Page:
My Baby was Reading Harry Potter at Two Days Old

My sons were walking at 8 months old… They were potty-trained at 2, reading in Kindergarten and driving the day they turned 16.  Well, not exactly. In fact, these were comments I heard from fellow mommies about their kids while I sat back questioning why my kids weren’t up to speed.  

As long as my kids have been on this Earth, they have been “behind the curve”. They were in no hurry to leave my belly; I had to evict them. They took their first steps around 14 months, potty-trained at 3 ½, began to read late in the 3rdgrade, and one of them will have their driver’s license at 17, and other one got his at 18. They simply have never boybeen in a rush for any of the chart-worthy moments.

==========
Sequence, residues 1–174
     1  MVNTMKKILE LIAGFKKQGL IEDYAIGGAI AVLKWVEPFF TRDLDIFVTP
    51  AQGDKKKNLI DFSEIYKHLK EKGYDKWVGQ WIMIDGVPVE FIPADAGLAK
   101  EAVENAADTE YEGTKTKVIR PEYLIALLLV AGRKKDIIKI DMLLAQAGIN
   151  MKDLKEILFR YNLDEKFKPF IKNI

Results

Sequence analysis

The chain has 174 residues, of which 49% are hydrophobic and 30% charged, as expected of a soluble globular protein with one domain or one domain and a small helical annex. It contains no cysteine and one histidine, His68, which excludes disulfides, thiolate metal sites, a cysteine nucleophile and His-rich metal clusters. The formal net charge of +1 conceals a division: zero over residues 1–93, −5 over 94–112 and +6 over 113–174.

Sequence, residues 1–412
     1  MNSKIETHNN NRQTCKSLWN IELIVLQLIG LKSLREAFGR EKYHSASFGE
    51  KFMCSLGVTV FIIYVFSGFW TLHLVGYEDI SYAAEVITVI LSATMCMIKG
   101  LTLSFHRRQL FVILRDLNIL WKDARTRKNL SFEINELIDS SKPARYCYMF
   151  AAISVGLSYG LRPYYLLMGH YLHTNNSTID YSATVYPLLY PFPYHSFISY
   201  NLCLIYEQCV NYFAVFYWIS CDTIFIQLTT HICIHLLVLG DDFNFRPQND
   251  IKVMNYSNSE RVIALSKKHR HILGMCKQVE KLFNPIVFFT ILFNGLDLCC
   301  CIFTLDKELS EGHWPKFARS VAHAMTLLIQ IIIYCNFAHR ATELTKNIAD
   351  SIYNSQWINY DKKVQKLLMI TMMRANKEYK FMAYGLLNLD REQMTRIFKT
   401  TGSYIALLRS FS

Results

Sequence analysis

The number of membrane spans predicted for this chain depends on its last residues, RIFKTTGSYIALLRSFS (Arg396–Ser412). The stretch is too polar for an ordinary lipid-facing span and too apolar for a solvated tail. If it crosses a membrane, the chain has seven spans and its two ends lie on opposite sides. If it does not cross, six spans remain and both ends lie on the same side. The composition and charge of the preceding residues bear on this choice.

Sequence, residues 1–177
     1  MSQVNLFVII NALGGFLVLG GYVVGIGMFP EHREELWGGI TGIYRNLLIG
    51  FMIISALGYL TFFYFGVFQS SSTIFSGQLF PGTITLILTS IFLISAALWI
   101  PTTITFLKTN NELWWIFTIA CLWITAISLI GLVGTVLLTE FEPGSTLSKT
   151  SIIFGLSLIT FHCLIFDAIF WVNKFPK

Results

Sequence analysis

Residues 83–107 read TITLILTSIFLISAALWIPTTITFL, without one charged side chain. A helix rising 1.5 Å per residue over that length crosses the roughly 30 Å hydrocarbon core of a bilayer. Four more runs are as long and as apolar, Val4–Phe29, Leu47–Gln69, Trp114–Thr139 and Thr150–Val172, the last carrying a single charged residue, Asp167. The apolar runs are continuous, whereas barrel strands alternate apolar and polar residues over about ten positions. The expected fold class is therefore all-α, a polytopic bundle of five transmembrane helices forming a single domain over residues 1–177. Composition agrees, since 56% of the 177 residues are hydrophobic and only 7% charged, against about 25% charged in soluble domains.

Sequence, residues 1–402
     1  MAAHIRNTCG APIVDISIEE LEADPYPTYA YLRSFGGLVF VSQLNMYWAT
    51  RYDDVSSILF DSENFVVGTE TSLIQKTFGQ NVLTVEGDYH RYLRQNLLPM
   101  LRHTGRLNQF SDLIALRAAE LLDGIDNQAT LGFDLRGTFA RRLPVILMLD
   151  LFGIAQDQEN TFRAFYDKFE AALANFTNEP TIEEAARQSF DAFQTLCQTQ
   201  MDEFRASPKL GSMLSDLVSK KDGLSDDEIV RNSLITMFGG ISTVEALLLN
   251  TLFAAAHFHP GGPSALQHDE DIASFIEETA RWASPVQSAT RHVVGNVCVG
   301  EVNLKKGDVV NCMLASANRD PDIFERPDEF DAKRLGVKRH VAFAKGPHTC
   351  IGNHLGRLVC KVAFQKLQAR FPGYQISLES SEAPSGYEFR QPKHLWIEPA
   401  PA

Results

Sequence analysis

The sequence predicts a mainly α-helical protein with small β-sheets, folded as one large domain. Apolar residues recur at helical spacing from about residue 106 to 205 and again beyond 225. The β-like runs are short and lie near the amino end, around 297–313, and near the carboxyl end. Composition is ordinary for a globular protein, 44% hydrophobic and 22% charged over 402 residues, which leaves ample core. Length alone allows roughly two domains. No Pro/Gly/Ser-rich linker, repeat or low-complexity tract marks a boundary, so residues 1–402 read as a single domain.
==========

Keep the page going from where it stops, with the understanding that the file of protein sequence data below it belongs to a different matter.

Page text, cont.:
This was so challenging in the early years; I couldn’t help but worry. With all of the photos on Facebook and the books with all the charts, I felt compelled to compare and concerned that maybe I was doing something to cause this discrepancy. I felt so inadequate as a mom knowing my kids were behind the projected norms. But fortunately, I got a clue and realized that there are very few norms when it comes to kids; even their teeth fall out at different rates.  Every kid is so unique and amazing, and they do their own thing in their own time.